- Premade herbal eyewashes are available in many health food stores. Many of them contain diluted solutions of goldenseal (Hydrastis Canadensis), which in undiluted forms can be extremely irritating to the eye. Follow manufacturer's directions carefully.
Although very few studies have examined the effectiveness of specific homeopathic therapies, professional homeopaths may consider the following remedies for the treatment of conjunctivitis based on their knowledge and experience. Before prescribing a remedy, homeopaths take into account your constitutional type -- your physical, emotional, and psychological makeup. An experienced homeopath assesses all of these factors when determining the most appropriate treatment for each individual.
- Euphrasia -- for conjunctivitis with large volumes of watery tears that burn the face and may become a thick discharge. Despite the production of watery tears, the individual may complain of a dry, gritty sensation in the eyes.
- Argentum nitricum -- for red, swollen eyes with pus like discharge and splintering pains.
- Pulsatilla-- for conjunctivitis with yellow green discharge and itchy eyes that may accompany or immediately follow a cold. The eyelids tend to stick together, and symptoms generally improve with cold compresses. This remedy is most appropriate for individuals who tend to be irritable and have mood swings.
- Belladonna -- for the first stages of conjunctivitis, including the sudden onset of burning, bloodshot eyes, swollen eyelids, and hypersensitivity to light. The eyes are generally hot and throbbing to the touch.
- Sulphur -- for burning, pain, and redness of the eyes accompanied by a yellow discharge with foul odor. The eyes are often crusted together, and the individual is usually very hot and thirsty.
- Apis mellifica -- for red, burning, swollen eyes that feel better with cold applications.
Viral and bacterial conjunctivitis are both very contagious. Family members should use separate towels. Wash your hands often. Keep children home from school and day care.
Be sure to follow your doctor’s advice about using any medications, especially if you have been given antibiotics or corticosteroids. If you wear contact lenses, keep them clean to avoid further irritation and future infections. Do not wear them until your eyes have healed.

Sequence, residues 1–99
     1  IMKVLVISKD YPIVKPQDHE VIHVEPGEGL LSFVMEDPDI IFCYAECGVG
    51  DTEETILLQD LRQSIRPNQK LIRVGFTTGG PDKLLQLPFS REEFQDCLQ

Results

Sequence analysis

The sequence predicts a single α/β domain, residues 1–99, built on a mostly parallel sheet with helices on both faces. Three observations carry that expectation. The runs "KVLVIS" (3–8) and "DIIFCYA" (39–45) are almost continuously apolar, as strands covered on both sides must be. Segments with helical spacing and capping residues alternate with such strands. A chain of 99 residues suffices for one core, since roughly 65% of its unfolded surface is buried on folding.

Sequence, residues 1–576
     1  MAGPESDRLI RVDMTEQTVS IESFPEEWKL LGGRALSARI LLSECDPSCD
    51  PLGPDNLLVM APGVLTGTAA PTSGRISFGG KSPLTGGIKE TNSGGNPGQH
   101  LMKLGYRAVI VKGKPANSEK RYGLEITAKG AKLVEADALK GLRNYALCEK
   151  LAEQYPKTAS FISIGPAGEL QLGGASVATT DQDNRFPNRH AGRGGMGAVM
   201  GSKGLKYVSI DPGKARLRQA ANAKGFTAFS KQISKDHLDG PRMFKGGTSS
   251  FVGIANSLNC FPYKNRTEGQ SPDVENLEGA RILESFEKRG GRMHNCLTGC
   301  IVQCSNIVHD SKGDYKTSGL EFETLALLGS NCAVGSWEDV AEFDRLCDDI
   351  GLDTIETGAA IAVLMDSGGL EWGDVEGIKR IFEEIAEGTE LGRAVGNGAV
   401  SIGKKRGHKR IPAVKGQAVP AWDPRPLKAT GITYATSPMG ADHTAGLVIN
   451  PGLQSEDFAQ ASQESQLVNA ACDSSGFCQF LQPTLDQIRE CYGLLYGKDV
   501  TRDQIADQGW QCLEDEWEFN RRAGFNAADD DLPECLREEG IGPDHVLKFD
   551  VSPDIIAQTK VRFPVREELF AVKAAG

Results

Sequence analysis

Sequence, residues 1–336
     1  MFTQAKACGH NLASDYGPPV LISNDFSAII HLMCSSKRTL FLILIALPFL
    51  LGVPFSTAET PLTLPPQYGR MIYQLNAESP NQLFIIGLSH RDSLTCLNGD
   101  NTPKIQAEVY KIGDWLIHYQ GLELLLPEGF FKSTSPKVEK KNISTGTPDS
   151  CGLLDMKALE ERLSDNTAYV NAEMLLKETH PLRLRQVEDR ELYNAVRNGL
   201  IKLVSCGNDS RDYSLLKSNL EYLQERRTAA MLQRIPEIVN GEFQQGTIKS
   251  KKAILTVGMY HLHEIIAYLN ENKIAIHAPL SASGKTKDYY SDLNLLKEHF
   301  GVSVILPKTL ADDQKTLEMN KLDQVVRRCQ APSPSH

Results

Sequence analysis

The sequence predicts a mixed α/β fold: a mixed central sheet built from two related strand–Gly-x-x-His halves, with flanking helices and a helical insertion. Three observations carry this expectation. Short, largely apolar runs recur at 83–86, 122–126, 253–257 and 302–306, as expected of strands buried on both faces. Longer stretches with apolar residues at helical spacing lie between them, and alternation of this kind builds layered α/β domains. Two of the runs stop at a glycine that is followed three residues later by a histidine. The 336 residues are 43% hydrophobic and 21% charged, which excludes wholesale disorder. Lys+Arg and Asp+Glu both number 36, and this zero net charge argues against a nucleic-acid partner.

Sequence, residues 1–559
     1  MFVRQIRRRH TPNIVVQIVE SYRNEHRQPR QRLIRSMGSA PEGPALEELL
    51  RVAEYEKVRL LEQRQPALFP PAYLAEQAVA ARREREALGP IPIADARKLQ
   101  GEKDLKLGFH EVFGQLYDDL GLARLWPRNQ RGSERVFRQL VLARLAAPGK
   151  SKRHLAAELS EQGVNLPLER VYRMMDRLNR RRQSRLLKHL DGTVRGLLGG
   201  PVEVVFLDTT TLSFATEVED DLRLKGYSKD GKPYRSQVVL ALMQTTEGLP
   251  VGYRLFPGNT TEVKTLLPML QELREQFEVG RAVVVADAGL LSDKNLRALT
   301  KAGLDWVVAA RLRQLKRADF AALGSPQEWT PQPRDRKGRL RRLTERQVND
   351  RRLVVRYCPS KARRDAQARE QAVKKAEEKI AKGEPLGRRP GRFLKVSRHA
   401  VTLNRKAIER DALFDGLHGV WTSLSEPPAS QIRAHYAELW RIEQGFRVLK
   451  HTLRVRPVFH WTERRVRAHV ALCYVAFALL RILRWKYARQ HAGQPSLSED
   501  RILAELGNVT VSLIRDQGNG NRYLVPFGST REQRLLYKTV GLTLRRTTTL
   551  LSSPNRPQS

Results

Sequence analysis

People with allergic conjunctivitis sometimes develop a severe form with a stringy discharge, swollen eyelids, scaly skin, and significant discomfort. This needs aggressive treatment to prevent scarring of the cornea.
In most U.S. hospitals, a medication such as silver nitrate is routinely administered to the eyes of newborns to prevent conjunctivitis from developing from bacteria in the birth canal.
Ambroziak AM, Szaflik JP, Hapunik A. Evaluation of effectiveness and tolerance of treatment with azithromycin 1.5% eye drops in bacterial conjunctivitis. Klin Oczna. 2009;111(1-3):46-9.
Calderon MA, Penagos M, Sheikh A, Canonica GW, Durham SR. Sublingual immunotherapy for allergic conjunctivitis: Cochrane systematic review and meta-analysis. [Review]. Clin Exp Allergy. 2011;41(9):1263-72. doi: 10.1111/j.1365-2222.2011.03835.x.
Cronau H, Kankanala R, Mauger T. Diagnosis and Management of Red Eye in Primary Care. American Family Physician. 2010;81(2).
del Cuvillo A, Sastre J, Montoro J, et al. Allergic conjunctivitis and H1 antihistamines. J investig Allergol Clin Immunol. 2009;19 Suppl 1:11-8.
Engel JM, Molinari A, Ostfeld B, Deen M, Croxatto O. Actinic conjunctivitis in children: Clinical features, relation to sun exposure, and proposed staging and treatment. J AAPOS. 2009;13(2):161-5.
Ferri. Ferri's Clinical Advisor 2010. 1st ed. Philadelphia, PA: Mosby, An Imprint of Elsevier; 2009.
Kapoor S, Bielory L. Allergic rhinoconjunctivitis: complementary treatments for the 21st century. [Review]. Curr Allergy Asthma Rep. 2009;9(2):121-7.
Josephson L.A Homeopathic Handbook of Natural Remedies.New York, NY; Random House Digital; 2002;207-10.
Nelson HS, Nolte H, Creticos P, Maloney J, Wu J, Bernstein DI. Efficacy and safety of timothy grass allergy immunotherapy tablet treatment in North American adults.J Allergy Clin Immunol. 2011;127(1):72-80, 80.e1-2.
Russo V, Stella A, Appezzati L, et al. Clinical efficacy of a Ginkgo biloba extract in the topical treatment of allergic conjunctivitis. Eur J Ophthalmol. 2009;19(3):331-6.
Stoss M, Michels C, Peter E, Beutke R, Gorter RW. Prospective cohort trial of Euphrasia single-dose eye drops in conjunctivitis. J Altern Complement Med. 2000 Dec;6(6):499-508.
Tauber S, Cupp G, Garber R, Bartell J, Vohra F, Stroman D. Microbiological efficacy of a new ophthalmic formulation of moxifloxacin dosed twice-daily for bacterial conjunctivitis. Adv Ther. 2011;28(7):566-74.
Visscher KL, Hutnik CM, Thomas M. Evidence-based treatment of acute infective conjunctivitis: Breaking the cycle of antibiotic prescribing. [Review]. Can Fam Physician. 2009;55(11):1071-5.